The ACLU worked with legislators on the bill and wrote about the details here:

This week, the Illinois House and Illinois Senate passed Senate Bill 1342, a measure designed to replace the Illinois Eavesdropping Act which was struck down by the Illinois Supreme Court earlier in 2014. The ACLU of Illinois worked closely with members of both the House and Senate to secure passage of a measure that restored all-party consent for audio recording conversations in Illinois and provides needed protections for civilians audio recording public officials doing their public duty in a public place. While the ACLU welcomed these developments that the measure also included an expansion of authority for police to record conversations without a judicial warrant."

Here is a link to an article written the law firm Appelman & Lloyd Inc. that breaks down the law, explaining that citizens can still record police officers making an arrest on the street or pulling someone over but that someone cannot use a wiretap to record the police.

1. You Can Still Record The Police

Simply put, you can still record the police, you just aren't allowed to eavesdrop on them. The law states that citizens may record an interaction so long as the involved parties don't have a reasonable expectation of privacy. For example, if you see a police officer arresting a resisting suspect on the sidewalk, you are more than welcome to record the ordeal. If you are pulled over for speeding, you can certainly record the interaction with the cop. On the other hand, you're not allowed to wiretap a phone or a squad car and collect information between parties who have a reasonable expectation of privacy, like in their home or office. Most times, police conduct their duties in the public sphere, so you are well within your right to record them.

This article from the Martin & Kent, LLC. law firm also discusses the bill, stating that "recording police is broadly held as a Constitutional right:"

While the Illinois statute does not explicitly allow the recording of police while they are performing their public duties, including conducting an arrest, the exemption for conversations that can have no reasonable expectation of privacy clearly contemplates allowing recording of such activities. Arrests are always public acts, even if the only people present are the officer and the suspect. The suspect has the right to record his arrest, either by video, audio, or both. Efforts to halt such recording would violate the suspect's constitutional rights. While such a violation of rights would have no bearing on the charges for which the suspect was arrested, it certainly could complicate the case."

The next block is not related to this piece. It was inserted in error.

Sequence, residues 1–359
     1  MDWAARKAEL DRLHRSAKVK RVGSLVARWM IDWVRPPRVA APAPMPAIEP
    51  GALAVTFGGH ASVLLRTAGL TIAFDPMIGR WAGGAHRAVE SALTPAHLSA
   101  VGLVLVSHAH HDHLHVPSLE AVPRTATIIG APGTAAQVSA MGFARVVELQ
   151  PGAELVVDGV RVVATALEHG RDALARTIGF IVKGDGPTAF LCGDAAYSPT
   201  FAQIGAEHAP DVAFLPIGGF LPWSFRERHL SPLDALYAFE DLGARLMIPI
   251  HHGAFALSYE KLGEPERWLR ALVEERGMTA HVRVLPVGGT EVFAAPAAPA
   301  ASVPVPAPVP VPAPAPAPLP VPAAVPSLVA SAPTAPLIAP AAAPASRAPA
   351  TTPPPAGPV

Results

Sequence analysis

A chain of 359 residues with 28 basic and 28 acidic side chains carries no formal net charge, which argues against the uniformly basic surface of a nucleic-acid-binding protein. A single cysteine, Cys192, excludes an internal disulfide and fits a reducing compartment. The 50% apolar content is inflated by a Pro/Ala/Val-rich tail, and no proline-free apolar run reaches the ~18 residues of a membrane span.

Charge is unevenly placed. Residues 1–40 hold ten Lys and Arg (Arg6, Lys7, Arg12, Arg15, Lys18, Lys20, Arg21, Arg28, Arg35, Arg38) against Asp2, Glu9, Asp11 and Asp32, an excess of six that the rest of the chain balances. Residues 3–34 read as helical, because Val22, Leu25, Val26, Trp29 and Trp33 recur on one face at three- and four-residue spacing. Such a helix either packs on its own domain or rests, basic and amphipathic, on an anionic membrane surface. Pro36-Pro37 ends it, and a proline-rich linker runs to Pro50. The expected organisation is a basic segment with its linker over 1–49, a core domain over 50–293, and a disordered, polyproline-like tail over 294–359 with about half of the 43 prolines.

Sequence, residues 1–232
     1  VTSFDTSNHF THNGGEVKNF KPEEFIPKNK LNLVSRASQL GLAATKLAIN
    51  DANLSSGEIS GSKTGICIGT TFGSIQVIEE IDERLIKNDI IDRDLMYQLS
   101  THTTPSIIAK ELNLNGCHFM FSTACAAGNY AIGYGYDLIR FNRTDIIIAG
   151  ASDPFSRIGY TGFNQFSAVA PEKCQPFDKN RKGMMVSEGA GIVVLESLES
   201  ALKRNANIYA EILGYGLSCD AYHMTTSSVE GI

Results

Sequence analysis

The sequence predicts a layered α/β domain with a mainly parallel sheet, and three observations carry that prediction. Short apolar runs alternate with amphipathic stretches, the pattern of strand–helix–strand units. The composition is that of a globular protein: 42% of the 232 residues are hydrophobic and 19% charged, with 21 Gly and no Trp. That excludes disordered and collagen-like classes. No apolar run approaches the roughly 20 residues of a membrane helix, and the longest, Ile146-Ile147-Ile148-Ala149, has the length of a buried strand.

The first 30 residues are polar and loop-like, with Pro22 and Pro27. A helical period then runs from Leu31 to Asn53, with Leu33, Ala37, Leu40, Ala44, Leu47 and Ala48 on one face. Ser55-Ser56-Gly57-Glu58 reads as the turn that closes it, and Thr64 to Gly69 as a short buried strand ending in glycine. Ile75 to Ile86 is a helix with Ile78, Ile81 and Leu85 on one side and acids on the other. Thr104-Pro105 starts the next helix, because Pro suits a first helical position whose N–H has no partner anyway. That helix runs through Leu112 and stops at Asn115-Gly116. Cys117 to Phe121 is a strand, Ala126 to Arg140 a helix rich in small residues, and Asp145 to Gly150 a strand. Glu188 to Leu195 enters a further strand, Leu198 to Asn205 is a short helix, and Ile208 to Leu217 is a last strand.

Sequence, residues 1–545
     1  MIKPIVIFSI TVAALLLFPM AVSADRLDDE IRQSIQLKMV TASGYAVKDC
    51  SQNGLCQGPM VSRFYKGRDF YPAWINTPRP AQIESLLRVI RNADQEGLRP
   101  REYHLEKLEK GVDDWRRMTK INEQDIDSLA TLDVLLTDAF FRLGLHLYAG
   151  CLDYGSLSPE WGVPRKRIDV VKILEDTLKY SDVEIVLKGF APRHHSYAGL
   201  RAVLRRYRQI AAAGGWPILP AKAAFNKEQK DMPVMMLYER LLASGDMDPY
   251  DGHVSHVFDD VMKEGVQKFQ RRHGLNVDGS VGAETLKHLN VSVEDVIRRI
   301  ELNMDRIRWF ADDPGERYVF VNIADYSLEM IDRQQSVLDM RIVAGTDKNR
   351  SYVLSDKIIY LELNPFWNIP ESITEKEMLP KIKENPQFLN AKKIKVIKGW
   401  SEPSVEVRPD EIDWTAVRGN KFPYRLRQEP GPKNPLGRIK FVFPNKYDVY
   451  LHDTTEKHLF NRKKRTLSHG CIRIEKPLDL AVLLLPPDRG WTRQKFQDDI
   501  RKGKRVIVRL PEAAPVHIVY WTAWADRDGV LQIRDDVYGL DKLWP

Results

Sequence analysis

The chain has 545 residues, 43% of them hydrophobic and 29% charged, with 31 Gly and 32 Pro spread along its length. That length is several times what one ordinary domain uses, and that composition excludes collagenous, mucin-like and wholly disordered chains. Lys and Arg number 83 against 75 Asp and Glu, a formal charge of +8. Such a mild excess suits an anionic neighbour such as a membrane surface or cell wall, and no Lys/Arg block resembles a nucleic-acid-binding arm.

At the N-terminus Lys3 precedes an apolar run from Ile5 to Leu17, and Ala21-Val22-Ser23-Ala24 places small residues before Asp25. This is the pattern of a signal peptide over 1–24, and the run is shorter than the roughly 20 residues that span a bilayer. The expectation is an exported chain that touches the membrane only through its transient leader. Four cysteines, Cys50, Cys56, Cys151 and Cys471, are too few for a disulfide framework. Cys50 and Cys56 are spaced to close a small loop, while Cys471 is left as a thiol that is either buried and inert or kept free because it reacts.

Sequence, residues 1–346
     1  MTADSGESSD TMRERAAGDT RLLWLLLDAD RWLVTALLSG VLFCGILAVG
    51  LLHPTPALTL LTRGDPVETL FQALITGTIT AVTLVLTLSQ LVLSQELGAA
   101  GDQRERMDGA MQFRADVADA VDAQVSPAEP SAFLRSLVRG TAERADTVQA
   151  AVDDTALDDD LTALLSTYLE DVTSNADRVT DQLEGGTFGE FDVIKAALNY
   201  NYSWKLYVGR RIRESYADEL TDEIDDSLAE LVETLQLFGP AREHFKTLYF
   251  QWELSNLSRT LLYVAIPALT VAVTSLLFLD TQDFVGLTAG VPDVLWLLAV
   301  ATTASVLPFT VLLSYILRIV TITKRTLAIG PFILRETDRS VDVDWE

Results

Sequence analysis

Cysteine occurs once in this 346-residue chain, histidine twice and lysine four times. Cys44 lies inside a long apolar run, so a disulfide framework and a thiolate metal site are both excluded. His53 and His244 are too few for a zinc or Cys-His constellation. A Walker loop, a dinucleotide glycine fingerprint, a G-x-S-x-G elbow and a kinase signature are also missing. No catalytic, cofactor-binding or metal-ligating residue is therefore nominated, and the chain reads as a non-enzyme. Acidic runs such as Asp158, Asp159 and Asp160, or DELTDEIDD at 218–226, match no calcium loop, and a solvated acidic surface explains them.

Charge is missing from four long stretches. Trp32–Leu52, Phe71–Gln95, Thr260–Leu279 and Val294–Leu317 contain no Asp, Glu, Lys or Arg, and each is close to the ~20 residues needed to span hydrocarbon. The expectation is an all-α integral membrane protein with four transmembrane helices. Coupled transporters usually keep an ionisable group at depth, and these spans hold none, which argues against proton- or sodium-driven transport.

Here is the 2014 petition that pushed for a gubernatorial veto on the law:
Screen Shot 2020-08-10 at 2.55.21 PM.png

The Instagram post caption links to a 2014 article in HUFFPOST that specifically states filming police in Illinois is legal.

Lead Stories recently debunked a similar claim in Tuscon, Arizona:

Fact Check: The Tuscon City Council Did NOT Pass An Ordinance Making It Illegal To Video Police

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  Alexis Tereszcuk

Alexis Tereszcuk is a writer and fact checker at Lead Stories and an award-winning journalist who spent over a decade breaking hard news and celebrity scoop with RadarOnline and Us Weekly.

As the Entertainment Editor, she investigated Hollywood stories and conducted interviews with A-list celebrities and reality stars.  

Alexis’ crime reporting earned her spots as a contributor on the Nancy Grace show, CNN, Fox News and Entertainment Tonight, among others.

Read more about or contact Alexis Tereszcuk